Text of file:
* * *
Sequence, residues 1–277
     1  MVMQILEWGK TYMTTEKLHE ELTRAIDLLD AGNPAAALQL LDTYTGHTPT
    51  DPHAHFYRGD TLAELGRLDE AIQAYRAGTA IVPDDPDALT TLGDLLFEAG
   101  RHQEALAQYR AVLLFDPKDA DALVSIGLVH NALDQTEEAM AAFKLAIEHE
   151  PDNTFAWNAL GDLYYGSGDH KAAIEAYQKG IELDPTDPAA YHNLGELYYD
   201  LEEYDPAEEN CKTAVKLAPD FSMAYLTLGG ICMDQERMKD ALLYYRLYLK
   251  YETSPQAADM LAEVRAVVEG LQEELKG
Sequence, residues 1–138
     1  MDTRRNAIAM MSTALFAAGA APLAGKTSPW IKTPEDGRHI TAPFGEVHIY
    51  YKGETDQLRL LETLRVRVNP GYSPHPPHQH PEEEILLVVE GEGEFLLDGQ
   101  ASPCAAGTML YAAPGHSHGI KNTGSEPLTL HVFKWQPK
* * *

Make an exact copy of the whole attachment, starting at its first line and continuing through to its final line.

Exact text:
Sequence, residues 1–277
     1  MVMQILEWGK TYMTTEKLHE ELTRAIDLLD AGNPAAALQL LDTYTGHTPT
    51  DPHAHFYRGD TLAELGRLDE AIQAYRAGTA IVPDDPDALT TLGDLLFEAG
   101  RHQEALAQYR AVLLFDPKDA DALVSIGLVH NALDQTEEAM AAFKLAIEHE
   151  PDNTFAWNAL GDLYYGSGDH KAAIEAYQKG IELDPTDPAA YHNLGELYYD
   201  LEEYDPAEEN CKTAVKLAPD FSMAYLTLGG ICMDQERMKD ALLYYRLYLK
   251  YETSPQAADM LAEVRAVVEG LQEELKG
Sequence, residues 1–138
     1  MDTRRNAIAM MSTALFAAGA APLAGKTSPW IKTPEDGRHI TAPFGEVHIY
    51  YKGETDQLRL LETLRVRVNP GYSPHPPHQH PEEEILLVVE GEGEFLLDGQ
   101  ASPCAAGTML YAAPGHSHGI KNTGSEPLTL HVFKWQPK